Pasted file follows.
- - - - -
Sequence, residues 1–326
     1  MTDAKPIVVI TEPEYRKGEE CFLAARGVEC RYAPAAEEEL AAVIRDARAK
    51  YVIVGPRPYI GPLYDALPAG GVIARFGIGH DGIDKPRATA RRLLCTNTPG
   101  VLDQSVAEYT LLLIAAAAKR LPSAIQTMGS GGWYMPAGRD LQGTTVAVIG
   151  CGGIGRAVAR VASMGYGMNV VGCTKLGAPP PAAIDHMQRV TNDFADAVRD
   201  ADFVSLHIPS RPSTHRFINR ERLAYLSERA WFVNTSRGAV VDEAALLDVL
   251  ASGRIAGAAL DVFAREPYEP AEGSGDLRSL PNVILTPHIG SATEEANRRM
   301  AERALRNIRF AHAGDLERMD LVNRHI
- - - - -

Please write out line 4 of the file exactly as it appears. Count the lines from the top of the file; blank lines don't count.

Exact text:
   101  VLDQSVAEYT LLLIAAAAKR LPSAIQTMGS GGWYMPAGRD LQGTTVAVIG